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Balrogs

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Rob Alexander - The Balrog of Moria.jpg
Balrogs
Race
Dominionsprimarily Angband,
Moria (Durin's Bane)
Average heighttwice the height of a man
DistinctionsMan-like, surrounded by fire and smoke
LifespanImmortal
MembersGothmog, Durin's Bane

Balrogs, or Balrogath ("Balrog-kind") were menacing creatures about twice the height of a man consisting of fire and shadow. Balrogs induced great terror in all and were among Morgoth's most feared minions during the First Age. The wizard Gandalf fell fighting a Balrog when the Fellowship escaped Moria in The Fellowship of the Ring. In the First Age notable Elf Lords Ecthelion and Glorfindel each fell fighting separate Balrogs during the sack of Gondolin.

Contents

History

Balrogs were originally Maiar spirits, of the same order as Sauron and Olórin (Gandalf), but they were seduced by Morgoth, who corrupted them to his service before the coming of the Elves. They were originally gathered by him in his ancient fastness of Utumno during the Years of the Lamps. When this fortress was destroyed by the Valar, they fled and lurked in the pits of Angband.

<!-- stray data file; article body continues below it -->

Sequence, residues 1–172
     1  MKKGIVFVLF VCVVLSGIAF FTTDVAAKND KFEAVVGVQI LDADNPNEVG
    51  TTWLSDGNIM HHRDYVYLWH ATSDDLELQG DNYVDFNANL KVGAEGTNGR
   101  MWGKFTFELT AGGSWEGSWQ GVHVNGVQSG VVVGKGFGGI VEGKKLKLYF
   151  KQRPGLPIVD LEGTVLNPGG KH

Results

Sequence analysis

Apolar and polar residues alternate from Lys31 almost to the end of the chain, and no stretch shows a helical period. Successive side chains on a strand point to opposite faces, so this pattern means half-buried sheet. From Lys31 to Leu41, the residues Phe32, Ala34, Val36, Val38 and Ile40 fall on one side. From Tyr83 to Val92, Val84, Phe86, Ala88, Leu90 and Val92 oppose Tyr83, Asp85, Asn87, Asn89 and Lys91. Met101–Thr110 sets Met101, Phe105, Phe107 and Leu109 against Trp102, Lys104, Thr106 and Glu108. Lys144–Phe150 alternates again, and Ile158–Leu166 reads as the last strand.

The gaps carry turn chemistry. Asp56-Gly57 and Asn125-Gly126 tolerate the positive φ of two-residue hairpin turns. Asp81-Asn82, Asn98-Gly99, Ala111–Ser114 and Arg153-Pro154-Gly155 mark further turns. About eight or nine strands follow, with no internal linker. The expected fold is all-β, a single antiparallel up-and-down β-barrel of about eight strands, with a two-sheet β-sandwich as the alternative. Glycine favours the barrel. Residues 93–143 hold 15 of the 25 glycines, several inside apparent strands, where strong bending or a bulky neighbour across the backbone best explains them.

When Melkor and Ungoliant escaped from Valinor many years later with the Silmarils, the Balrogs were still to be found in these pits. Ungoliant trapped Melkor in her webs, demanding the Silmarils for herself, but the Balrogs issued from their hiding-place and rescued their lord.